When Mark Gera, MPH Class of 2017, was six or seven years old, his great grandmother was admitted to a geriatric centre in Toronto. Having incredibly close ties to both his immediate and extended family, he visited her on a regular basis. It was the first public health exposure he had.
This experience stayed with Gera throughout his youth and ultimately played a role in his decision to develop a career in health care.
Influenced by his parents who work in the health care industry as dental technicians, Gera began taking science courses and pursued practical work experiences after he completed his undergraduate degree in geography. His end goal was dentistry. But after applying to dental school, he came across the Master of Public Health Program at Schulich Medicine & Dentistry.
“I knew I would enjoy dental school, but what deterred me was the idea of affecting only one person at a time,” he explained. “I realized the quality of care that you could provide through a career in public health, which attracted me to pursue the Program.”
Gera looked at a few other public health programs offered in Canada, but Schulich Medicine & Dentistry’s Program stood out to him because of its smaller class sizes.
“I have always preferred smaller, intimate programs that are more student-focused. You are not just a number because they actually care about you and your education, and you have the ability to get to know the professors really well,” he said.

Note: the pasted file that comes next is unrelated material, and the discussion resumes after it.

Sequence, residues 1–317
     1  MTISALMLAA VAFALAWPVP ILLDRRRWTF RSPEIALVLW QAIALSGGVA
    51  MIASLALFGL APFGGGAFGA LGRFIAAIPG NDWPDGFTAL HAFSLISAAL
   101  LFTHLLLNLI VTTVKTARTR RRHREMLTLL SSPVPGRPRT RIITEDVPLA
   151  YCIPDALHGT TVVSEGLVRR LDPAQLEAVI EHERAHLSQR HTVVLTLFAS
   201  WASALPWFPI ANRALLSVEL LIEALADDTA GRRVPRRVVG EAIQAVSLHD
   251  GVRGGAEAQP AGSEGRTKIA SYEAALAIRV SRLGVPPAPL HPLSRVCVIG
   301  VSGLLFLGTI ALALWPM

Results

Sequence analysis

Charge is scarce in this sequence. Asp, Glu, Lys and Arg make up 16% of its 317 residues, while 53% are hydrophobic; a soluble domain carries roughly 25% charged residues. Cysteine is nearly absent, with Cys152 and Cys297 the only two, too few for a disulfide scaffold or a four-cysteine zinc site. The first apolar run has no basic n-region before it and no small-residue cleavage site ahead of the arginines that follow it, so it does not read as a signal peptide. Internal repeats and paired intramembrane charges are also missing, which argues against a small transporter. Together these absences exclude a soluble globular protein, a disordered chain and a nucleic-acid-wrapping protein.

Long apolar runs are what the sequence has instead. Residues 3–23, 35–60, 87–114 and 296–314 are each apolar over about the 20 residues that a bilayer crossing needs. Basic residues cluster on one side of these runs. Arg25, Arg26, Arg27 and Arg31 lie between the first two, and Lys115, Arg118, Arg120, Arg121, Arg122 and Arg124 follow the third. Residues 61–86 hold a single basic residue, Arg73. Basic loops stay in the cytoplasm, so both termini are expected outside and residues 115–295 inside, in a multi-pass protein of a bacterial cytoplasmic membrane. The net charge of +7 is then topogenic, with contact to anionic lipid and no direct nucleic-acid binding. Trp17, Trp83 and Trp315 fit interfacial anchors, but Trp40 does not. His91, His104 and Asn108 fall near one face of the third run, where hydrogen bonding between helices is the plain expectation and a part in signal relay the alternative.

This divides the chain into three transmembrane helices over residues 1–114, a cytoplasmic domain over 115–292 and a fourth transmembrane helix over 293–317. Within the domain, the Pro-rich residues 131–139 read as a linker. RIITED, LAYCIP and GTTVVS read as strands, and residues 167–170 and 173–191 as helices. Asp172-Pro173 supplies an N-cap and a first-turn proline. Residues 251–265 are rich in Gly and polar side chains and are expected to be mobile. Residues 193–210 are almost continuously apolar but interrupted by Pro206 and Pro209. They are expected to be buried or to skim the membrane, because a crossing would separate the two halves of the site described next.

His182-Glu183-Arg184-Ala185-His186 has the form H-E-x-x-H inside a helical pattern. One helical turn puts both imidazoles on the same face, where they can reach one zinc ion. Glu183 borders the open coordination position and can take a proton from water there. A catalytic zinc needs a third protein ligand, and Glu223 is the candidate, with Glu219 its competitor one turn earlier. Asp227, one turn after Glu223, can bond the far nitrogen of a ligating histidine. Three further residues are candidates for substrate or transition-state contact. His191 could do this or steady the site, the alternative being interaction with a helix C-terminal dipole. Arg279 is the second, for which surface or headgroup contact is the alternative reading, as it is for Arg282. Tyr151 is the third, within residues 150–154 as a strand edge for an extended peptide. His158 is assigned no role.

He was also drawn to the Program’s case-based learning method because students are able to learn through real-world examples — something he didn’t always have throughout his undergraduate education.
“In the didactic lecture style, I had a difficult time applying the information I was learning,” he said. “But by using the case-based method, you are able to take examples from real life and bring them into the classroom. There are so many diverse backgrounds in our cohort, so most of my learning happens through classroom and learning team discussions.”
When thinking about his future career in public health, Gera explained he could choose one of two directions. He could focus on his geography background by pursuing environmental health work such as climate change or water safety, or he could dive into his interest in dentistry and focus more on policy change to make dentistry more accessible. He believes that the direction he takes in his 12-week practicum will help to influence this decision.
For students like Gera who are interested in pursuing a career in public health but may not have an education background that easily lends itself to the field, he has one piece of advice: get the experience.
“It’s not always about your marks and the courses you’ve taken, it’s also about what you can bring to the table,” he said. “Load up your resume, figure out what makes you unique and show people that you have a genuine interest and passion.”